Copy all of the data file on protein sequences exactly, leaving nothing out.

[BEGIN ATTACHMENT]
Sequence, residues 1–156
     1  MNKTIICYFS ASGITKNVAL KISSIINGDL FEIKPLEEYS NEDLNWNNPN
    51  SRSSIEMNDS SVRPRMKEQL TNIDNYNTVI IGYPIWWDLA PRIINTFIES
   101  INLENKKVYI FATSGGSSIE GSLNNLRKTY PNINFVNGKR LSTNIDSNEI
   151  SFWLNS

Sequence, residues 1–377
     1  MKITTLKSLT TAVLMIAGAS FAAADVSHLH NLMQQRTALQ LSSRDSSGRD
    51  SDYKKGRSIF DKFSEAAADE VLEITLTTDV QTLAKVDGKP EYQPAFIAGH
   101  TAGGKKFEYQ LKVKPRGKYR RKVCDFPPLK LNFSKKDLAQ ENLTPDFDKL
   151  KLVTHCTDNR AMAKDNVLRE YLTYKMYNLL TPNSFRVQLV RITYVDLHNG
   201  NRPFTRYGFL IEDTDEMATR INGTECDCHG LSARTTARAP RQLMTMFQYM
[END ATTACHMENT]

Sequence, residues 1–156
     1  MNKTIICYFS ASGITKNVAL KISSIINGDL FEIKPLEEYS NEDLNWNNPN
    51  SRSSIEMNDS SVRPRMKEQL TNIDNYNTVI IGYPIWWDLA PRIINTFIES
   101  INLENKKVYI FATSGGSSIE GSLNNLRKTY PNINFVNGKR LSTNIDSNEI
   151  SFWLNS

Sequence, residues 1–377
     1  MKITTLKSLT TAVLMIAGAS FAAADVSHLH NLMQQRTALQ LSSRDSSGRD
    51  SDYKKGRSIF DKFSEAAADE VLEITLTTDV QTLAKVDGKP EYQPAFIAGH
   101  TAGGKKFEYQ LKVKPRGKYR RKVCDFPPLK LNFSKKDLAQ ENLTPDFDKL
   151  KLVTHCTDNR AMAKDNVLRE YLTYKMYNLL TPNSFRVQLV RITYVDLHNG
   201  NRPFTRYGFL IEDTDEMATR INGTECDCHG LSARTTARAP RQLMTMFQYM